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Silvestri Says – Budgeting Extended

 

Today I’ll be deviating from my normal fare of Extended chatter and instead focus on the request I’ve gotten from several people to talk about the cheap competitive decks in Extended. Normally, I think budget talk for any format that doesn’t include Force of Will or the original dual lands is a bit ludicrous, especially for competitive players. For this season, however, we’ve seen such variety in decks that it’s actually possible to be thrifty and get a viable deck. For those who do have access to everything, you’d do well to at least skim and see what many of your less fortunate competition could possibly be armed with.

Burn

This is a deck I keep ending up dragging into my articles just because you see it so much in the first few rounds of a tournament. In this case though, Burn has actually lost a little popularity since the beginning of the season, despite the deck becoming even cheaper and more effective. I believe part of this is due to more decks boarding life-gain effects and the uptick in strategies that just devastate Burn like Martyr or quick combo decks that coin flip it like Hive Mind or Dredge. In addition, if you actually play a dozen creatures or more, I think it’s law now that you need 3 Umezawa’s Jitte somewhere in your deck-list, if not the full set.

Unfortunately, due to the linear nature of being the “40 Bolt 20 Mountain deck”, you really don’t have a lot of room to grow or for innovation. The spot you have the most control over is the sideboard and figuring out exactly what cards are worth running in conjunction with all your burn. The front-runners for me are Everlasting Torment, Cryoclasm, Smash to Smithereens, Pithing Needle and Ghost Quarter. Some form of grave-hate would also be nice, but really the graveyard decks are probably going to just beat the crap out of you more often than not even if you run hate.

As far as cost goes, the deck is 20 bucks or less in real life or online if you don’t run the Blinkmoth Nexus / Shrapnel Blast builds. If you do, then the cost shoots up to about 60 online (Thanks a bunch Affinity players!) and 35ish in paper.

All-In Red

Vince Tingey
2010 San Juan PTQ: Seattle
Extended

Yeah, another Red deck; what can I say? Again, if you don’t know what this deck’s strategy is or have otherwise been living under a rock: AIR wants to drop a Blood Moon + threat to disrupt you and kill you around turn 4. Alternatively, it will settle for just playing some huge threat like Deus of Calamity or an Empty the Warrens for ten on turn one and asking to see the answer. There are only a few relevant decisions for you to make and this is generally a very frustrating deck to play against when it’s firing on all cylinders.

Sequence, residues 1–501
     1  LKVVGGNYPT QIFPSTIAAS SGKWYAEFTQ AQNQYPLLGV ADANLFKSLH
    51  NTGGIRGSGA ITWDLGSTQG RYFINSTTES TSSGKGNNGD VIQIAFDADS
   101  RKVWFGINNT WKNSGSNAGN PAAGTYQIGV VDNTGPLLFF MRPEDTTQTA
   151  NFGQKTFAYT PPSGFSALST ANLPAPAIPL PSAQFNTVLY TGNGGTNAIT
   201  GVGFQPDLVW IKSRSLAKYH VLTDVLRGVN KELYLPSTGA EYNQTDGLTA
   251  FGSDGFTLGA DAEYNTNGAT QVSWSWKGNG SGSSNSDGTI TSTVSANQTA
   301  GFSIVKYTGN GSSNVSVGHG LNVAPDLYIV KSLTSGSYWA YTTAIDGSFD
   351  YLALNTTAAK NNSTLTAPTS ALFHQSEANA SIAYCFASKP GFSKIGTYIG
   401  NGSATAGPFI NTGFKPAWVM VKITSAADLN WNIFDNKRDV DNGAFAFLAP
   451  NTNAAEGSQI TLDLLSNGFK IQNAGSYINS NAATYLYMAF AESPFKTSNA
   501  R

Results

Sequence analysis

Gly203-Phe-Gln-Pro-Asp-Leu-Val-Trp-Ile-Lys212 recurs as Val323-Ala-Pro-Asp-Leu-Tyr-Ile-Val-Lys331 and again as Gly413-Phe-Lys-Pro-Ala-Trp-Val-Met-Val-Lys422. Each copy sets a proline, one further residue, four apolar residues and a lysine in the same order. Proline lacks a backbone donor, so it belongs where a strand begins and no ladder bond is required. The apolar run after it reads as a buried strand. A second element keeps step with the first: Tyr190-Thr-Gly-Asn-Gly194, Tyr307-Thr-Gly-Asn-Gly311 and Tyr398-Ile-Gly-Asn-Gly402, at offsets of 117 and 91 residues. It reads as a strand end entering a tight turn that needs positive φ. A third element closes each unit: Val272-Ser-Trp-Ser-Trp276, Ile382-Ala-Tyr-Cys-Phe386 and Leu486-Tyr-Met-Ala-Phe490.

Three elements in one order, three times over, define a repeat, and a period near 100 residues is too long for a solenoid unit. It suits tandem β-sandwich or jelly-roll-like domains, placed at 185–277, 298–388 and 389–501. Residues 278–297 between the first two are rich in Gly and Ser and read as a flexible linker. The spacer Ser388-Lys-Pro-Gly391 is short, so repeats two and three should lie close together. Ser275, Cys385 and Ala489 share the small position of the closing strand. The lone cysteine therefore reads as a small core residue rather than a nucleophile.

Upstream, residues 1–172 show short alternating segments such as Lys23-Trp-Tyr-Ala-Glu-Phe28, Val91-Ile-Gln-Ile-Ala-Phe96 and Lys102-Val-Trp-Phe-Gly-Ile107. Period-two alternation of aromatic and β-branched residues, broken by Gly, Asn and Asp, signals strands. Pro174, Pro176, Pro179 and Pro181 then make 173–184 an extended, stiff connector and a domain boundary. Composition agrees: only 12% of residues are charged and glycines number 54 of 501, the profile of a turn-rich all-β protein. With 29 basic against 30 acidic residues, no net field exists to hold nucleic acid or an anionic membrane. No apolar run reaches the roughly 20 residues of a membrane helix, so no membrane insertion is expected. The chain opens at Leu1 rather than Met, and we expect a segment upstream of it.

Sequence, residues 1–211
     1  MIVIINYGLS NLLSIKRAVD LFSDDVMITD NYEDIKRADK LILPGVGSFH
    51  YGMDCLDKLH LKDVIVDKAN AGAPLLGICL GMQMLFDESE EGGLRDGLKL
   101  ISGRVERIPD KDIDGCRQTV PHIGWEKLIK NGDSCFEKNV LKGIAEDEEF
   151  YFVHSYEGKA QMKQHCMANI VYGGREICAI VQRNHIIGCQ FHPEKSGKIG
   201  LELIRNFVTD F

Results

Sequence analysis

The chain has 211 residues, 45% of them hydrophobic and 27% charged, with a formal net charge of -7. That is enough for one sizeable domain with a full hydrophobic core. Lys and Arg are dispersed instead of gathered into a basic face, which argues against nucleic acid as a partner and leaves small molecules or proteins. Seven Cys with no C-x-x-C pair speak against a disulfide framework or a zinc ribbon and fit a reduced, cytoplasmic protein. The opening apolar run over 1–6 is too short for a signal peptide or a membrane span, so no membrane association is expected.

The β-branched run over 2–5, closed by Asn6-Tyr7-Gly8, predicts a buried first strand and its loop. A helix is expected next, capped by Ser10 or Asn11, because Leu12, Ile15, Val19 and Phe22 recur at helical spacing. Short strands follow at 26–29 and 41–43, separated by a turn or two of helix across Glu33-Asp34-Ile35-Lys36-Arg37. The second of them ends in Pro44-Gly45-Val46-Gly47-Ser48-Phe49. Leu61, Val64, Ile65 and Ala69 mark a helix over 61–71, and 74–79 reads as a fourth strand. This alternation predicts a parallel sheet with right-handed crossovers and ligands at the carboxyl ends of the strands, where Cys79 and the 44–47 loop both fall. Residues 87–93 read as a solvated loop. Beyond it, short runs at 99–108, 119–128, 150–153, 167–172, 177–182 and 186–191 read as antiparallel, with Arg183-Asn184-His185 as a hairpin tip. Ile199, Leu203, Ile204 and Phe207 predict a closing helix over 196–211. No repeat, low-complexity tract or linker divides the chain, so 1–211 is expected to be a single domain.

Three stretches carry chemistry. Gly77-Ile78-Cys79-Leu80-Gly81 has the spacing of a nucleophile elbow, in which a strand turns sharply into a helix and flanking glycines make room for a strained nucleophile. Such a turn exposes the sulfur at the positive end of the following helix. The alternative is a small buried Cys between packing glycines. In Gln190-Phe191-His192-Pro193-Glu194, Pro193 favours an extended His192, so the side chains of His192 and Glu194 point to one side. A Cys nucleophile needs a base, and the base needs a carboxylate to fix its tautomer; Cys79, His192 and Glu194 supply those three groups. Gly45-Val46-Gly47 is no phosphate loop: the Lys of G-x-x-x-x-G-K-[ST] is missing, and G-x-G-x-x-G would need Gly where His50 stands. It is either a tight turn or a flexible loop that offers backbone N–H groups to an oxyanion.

There’s been practically zero innovation to this deck from last year, with the exception of one or two board cards that now see play. Lich’s Mirror is an interesting thought experiment somebody put together and one that I’ve actually witnessed success against Scapeshift with*. Simply put, if you land the mirror they can no longer win via Valakut damage and have to either bounce it first or beat you to death after they combo off. Otherwise, all Scapeshift accomplishes is setting you back to a turn one state, a clean board state and seven cards in hand.which is the state the deck is designed to play from in the first place.

*Boy, this deck just has issues with all sorts of niche cards from linear strategies. First Dredge’s milling plan and now this.

Probably the most interesting thing upcoming for the deck is one Worldwake spoiler which could finally fill the crappy Demigod of Revenge slot as a big threat on turn one that does something useful. Lodestone Golem is a godsend to Aggro Workshop decks in Vintage and possible a few Legacy decks, but didn’t seem to have much of a place in ‘normal’ formats. For AIR though, this guy seems to fit pretty well. He only costs four mana, comes with the requisite five power to be a four-turn clock and effectively blanks every other deck’s first turn.